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Hong Kong is well known international city whose dwellers generally enjoy a good quality of life. However, a big part of the people who gave their life to let the city grow and become an international city is living a bad life, with no money to support their lives as well as tier family members (Chou & Chow, 2001). This easy will highlight some of the problems faced by the elderly in Hong Kong as well as the measures that should be put in place to help these people.
One of the biggest challenges to the elderly people in Hong Kong is that they do not have enough money to support their daily lives. The population of Hong Kong is increasing at an alarming rate due to low fertility rates and increasing life expectancy (Schulz, 2008). The number of elderly people in Hong Kong who are over the age of 65 is expected to grow to 2.1 million in the year 2031. This presents a serious challenge to the government and policy makers with respect to social, political, and economic issues in Hong Kong. One of the biggest challenges pertains how to maintain or improve the economic well-being of the aging population, while at the same time addressing the issue of economic inequality.
The elderly population is one of the largest groups in Hong Kong (La Grange & Lock, 2002). Statistics show that in 2004, 18% of adults over 60 years were getting government support, whereas only 7% of the nonelderly were on government support initiative. In 2002, about 70% of the elderly population was on government welfare. This shows that this group was the poorest among the poor aged population (Lee & Law, 2004).
According to Lau, (2003), the general Hong Kong population considers poverty as well as income disparity as a social problem across all the age groups and expect that the issue will persist in the coming years. In addition, the citizens also believe that economic inequality is brought about by free market economy. Studies conducted in the last decade indicate that real household income for the elderly increased by about 25% (Lee & Law, 2004). However, although the income of the nonelderly headed households continued to increase in the same period, the income of the elderly households dropped slightly compared to the previous years. One of the reasons may be that the economic meltdown of 2008 has had a detrimental effect on the elderly population compared to the younger population. It is also worth to note that the Asian financial crisis of 1997 significantly affected the Hong Kong’s economy (Crown, 2001). The economy, at that time, declined sharply from the double digit experienced before the start of the Asian financial crisis to only a few points in the following years. In addition, the unemployment rates have continued to rise steadily over the years. Since one of the sources of income for the elderly population is the family, lack of employment for the same family creates a big dilemma for the elderly population (La Grange & Lock, 2002).
According to research findings, it is clear that income inequality is greater for the elderly people in Hong Kong compared to the nonelderly population. Although some studies show that the economic status of the elderly people has improved in compared to the way it was in the 1980s years, their income inequality has been substantially high in the last two decades. It is therefore crucial to adapt a raft of measure targeted at the aged population since income inequality in the elderly population in Hong Kong will not subside even if the economy recovers from the recent economic meltdown. However, because the country is facing fiscal deficits, it is not likely that the government will allocate more funds to support the elderly in the immediate future (Lee & Law, 2004).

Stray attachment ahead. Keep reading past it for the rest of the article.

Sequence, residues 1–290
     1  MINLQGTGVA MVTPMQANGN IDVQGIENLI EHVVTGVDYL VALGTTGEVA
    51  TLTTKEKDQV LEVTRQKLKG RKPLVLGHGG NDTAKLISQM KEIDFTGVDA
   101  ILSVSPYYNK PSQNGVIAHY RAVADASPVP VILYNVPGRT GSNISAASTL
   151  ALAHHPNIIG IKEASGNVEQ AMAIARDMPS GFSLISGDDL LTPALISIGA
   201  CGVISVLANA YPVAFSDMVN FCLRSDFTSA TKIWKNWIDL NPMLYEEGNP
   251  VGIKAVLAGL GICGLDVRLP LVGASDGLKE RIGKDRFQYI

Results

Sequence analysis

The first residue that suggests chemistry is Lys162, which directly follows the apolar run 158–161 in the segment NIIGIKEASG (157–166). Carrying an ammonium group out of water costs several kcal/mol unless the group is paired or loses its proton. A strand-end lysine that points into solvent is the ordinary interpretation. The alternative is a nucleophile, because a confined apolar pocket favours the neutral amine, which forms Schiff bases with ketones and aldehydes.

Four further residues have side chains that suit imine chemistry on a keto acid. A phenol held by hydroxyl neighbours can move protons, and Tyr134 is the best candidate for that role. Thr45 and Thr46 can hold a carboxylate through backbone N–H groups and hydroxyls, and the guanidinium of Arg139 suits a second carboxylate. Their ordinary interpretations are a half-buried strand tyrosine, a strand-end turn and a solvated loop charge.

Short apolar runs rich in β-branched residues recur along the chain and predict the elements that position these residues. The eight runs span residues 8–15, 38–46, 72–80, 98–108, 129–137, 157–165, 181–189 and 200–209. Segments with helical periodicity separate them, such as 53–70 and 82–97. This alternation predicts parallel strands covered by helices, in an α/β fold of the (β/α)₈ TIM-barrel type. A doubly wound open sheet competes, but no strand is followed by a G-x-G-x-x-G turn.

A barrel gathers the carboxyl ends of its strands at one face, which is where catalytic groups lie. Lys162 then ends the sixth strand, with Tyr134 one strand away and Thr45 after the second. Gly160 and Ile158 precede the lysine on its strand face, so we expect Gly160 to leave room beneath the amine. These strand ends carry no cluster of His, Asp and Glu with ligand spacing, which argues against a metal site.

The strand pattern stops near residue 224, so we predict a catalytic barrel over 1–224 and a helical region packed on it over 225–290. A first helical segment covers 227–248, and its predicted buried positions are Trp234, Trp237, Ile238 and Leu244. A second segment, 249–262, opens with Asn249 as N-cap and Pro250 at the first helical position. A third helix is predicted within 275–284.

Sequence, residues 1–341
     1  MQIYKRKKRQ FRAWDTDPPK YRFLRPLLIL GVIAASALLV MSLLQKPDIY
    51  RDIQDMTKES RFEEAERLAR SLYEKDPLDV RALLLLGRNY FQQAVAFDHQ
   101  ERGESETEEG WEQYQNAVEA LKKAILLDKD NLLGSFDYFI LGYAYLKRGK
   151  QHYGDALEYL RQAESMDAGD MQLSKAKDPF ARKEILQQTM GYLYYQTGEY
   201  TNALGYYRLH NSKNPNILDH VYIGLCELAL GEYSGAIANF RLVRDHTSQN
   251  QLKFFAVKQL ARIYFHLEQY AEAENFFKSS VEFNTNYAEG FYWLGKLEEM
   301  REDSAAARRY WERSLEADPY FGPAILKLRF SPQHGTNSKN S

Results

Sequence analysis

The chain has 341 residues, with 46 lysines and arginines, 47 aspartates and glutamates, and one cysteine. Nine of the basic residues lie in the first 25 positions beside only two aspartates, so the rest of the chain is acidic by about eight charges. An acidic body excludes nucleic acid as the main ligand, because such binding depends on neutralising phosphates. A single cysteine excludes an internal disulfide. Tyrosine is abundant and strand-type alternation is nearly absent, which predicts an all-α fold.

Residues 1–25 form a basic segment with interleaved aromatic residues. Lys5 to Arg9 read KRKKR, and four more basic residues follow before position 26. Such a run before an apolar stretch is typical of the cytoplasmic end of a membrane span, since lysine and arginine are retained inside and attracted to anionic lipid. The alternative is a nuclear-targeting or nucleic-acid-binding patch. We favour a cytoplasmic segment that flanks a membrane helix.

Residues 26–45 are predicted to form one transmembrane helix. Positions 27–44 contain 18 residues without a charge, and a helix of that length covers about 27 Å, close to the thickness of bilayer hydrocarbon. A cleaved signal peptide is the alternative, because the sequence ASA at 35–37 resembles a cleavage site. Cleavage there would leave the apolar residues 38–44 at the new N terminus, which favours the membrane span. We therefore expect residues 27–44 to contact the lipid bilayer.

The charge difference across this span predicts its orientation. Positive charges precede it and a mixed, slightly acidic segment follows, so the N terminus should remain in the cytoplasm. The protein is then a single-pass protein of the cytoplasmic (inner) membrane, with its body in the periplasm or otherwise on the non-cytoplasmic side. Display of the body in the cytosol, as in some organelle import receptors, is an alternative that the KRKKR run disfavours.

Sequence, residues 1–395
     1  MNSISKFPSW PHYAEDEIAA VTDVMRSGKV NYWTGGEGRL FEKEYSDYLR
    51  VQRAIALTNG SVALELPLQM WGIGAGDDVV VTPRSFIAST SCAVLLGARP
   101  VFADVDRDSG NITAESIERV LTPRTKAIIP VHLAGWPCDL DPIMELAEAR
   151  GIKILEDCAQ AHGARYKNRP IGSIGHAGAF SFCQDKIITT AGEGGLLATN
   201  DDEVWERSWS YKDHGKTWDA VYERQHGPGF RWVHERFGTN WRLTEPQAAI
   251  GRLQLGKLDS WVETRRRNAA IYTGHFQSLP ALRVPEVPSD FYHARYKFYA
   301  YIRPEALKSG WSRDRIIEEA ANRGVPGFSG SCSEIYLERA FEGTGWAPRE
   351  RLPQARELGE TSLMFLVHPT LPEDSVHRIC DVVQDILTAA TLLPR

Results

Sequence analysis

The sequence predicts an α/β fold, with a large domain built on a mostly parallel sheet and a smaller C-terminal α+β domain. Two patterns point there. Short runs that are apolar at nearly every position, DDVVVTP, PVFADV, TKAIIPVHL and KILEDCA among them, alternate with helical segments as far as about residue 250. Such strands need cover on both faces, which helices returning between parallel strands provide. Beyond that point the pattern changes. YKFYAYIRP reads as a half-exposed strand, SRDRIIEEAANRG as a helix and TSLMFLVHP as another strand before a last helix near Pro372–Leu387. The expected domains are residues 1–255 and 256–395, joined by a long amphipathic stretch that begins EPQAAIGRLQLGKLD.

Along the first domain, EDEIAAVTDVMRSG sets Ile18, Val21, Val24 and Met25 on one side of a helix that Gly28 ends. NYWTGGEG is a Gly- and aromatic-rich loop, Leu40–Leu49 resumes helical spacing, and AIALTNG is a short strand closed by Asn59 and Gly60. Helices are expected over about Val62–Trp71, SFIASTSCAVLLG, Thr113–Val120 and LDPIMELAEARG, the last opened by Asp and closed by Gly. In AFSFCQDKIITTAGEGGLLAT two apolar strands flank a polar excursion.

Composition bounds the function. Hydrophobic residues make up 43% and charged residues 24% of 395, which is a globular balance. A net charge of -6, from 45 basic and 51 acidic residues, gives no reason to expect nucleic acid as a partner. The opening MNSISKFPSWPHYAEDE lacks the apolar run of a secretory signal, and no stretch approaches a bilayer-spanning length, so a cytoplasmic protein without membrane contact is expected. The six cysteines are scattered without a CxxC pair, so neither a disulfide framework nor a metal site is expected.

Increasing the retirement age is one of the most feasible approaches of solving the problem of income inequality in the aged population (Chou &Chow, 2005). This is because personal income of older persons is slightly lower than people who are still in active employment. Hong Kong does not have a mandatory retirement age for the general populace. In addition, familiarization of retirement planning should be launched with partnership between the public and the private sector. This will make it appealing to the targeted group and help them to plan well fro their retirement (Crown, 2001).
Due to the income disparity among the elderly and the young generation, the old people are being forced to “revive, shift, and modify their health-seeking behavior to adapt to rapid social changes” (Hill, 2009, P. 12).Traditional belief in the Confucian ideology has brought about many challenges to the Hong Kong residents. The government provides a lame excuse of why it cannot meet the needs of the elderly by claiming that they ought to be taken care of by their families, and in particular, by their children. However, the children do not subscribe to the Confucius ideology and they in most cases, do not assume the delicate responsibility of taking acre of their aged parents. This, in essence, puts the elderly between two conflicting systems of values. Therefore, the elderly are forced to seek a variety of health-seeking behavioral responses, which include a revision of their beliefs regarding the ethics advanced by Confucius (Bauld et al, 2000). The elderly, in most cases, are the targets of much of the Confucius ideology inherent in Hong Kong. Confucius ideology propagated an undying duty for the children to take care of their aging parents. Failure to meet this obligation made loss of ones standing in society, inheritance, and even death inflicted by ancestors. However, many of these features, which are most prevalent in rural areas, are missing in present-day Hong Kong. Thus, filial piety has continued to erode, especially due to lack of jobs and heavy financial burden on the working young people. In essence, the elderly Hong Kong people are morally responsible to seek health, and therefore, need to delink themselves from traditional Confucius theory of filial support (Baumgarten et al, 2002).